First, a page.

While children’s hospitals have taken a financial blow during the COVID-19 pandemic, there were indications that many were struggling before it hit. Now, children’s hospital leaders face an urgent need to assess enterprise risk and determine next steps to protect their futures.
Today, acuity levels of children who visit the ED are higher, and more pediatric patients face behavioral health issues due to pandemic-related stressors.
Operating challenges for children’s hospitals have been building for three decades, as community health systems bolstered their pediatric service lines to capitalize on the advantages of operating a NICU. Additionally, the shift toward delivery of pediatric care in outpatient settings has tightened revenue-generating opportunities. Many markets have seen increased fragmentation of low-acute, commercially reimbursed services such as general surgery, orthopedics, plastics, and urology for children.
At the same time, new payment arrangements and care delivery models made the provision of pediatric hospital care more complex for legacy specialty pediatric providers. Meanwhile, delivery of pediatric care has been severely affected by the maldistribution of pediatric clinicians across specialties and regions. Further, if Medicaid funding were to be capped for children with special healthcare needs, such policies could have dire financial repercussions for children’s hospitals in some states.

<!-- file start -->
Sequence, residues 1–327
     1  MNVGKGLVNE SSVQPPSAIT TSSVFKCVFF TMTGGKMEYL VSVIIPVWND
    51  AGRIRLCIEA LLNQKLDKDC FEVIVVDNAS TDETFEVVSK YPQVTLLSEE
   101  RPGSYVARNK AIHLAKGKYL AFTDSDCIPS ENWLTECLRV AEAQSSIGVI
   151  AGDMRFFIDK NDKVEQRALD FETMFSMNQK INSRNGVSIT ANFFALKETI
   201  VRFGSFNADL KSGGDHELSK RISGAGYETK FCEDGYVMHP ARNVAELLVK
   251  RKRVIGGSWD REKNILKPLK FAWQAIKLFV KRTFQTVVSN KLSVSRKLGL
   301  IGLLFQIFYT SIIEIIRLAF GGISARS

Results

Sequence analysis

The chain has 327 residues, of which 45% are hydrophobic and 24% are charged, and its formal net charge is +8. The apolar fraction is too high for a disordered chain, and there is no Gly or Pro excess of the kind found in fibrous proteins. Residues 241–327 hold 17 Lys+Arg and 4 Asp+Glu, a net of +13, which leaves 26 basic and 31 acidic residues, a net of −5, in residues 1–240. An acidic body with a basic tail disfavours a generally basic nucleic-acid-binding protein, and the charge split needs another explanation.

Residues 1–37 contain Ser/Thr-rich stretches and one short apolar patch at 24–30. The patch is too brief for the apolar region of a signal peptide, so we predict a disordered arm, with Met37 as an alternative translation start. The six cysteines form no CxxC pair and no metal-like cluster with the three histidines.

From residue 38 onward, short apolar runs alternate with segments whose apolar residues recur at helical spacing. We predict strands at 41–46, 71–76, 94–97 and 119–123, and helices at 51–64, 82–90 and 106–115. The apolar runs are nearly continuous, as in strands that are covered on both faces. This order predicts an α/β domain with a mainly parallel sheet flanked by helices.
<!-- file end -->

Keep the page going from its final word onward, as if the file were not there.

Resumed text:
Children’s hospitals are grappling with balancing their mission around what’s best for their patients with financial stewardship to ensure their asset is there to provide for their communities.
While the answer is complicated, the first step is to understand how many children, in terms of captured population, are required to sustain a full-service children’s hospital with a complete complement of subspecialty services. For many pediatric subspecialties, it takes a substantial number of dedicated pediatric lives to sustain a group of at least three to four subspecialists in a market, depending on the subspecialty.
Additionally, there are key actions for children’s hospital leaders to take to determine the right path forward. Efforts to turn around a children’s hospital’s financial performance and reposition the organization for the future typically focus on five areas.
Margin enhancement: Aligning quality metrics, financial incentives, and other components of value-based payment models across payers can accelerate the transition to value-based care.
Volume growth: This is essential to support inpatient volumes in the tertiary and quaternary service areas.
Patient and family experience: The ease with which patients and their families can access services and the quality of the experience they encounter are key factors in market-area loyalty.
Clinical efficiency: Reducing clinical variation includes working toward achieving zero unnecessary readmissions, hospital-acquired infections, and medication errors.
Innovative partnerships or acquisitions: These can involve organizations within the same geographic area or even in other states—and they aren’t limited to partnerships with other providers.
By reevaluating their operating model and repositioning for the future, children’s hospital leaders can protect their organization’s long-term health and remain a vital resource for the communities they serve.